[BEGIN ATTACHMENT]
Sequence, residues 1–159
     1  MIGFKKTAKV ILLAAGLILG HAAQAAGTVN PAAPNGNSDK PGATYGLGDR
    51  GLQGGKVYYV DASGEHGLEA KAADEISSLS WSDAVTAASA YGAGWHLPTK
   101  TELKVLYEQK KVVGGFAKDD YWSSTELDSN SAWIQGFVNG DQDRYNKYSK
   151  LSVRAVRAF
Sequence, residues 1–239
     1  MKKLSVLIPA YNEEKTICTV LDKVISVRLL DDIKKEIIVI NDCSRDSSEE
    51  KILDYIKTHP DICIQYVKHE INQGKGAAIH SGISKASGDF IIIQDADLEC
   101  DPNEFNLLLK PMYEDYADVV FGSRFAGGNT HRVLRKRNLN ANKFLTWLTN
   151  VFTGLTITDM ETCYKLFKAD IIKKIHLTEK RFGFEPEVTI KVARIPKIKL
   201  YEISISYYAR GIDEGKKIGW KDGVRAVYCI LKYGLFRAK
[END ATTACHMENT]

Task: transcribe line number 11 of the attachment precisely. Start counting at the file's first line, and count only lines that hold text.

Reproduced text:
   201  YEISISYYAR GIDEGKKIGW KDGVRAVYCI LKYGLFRAK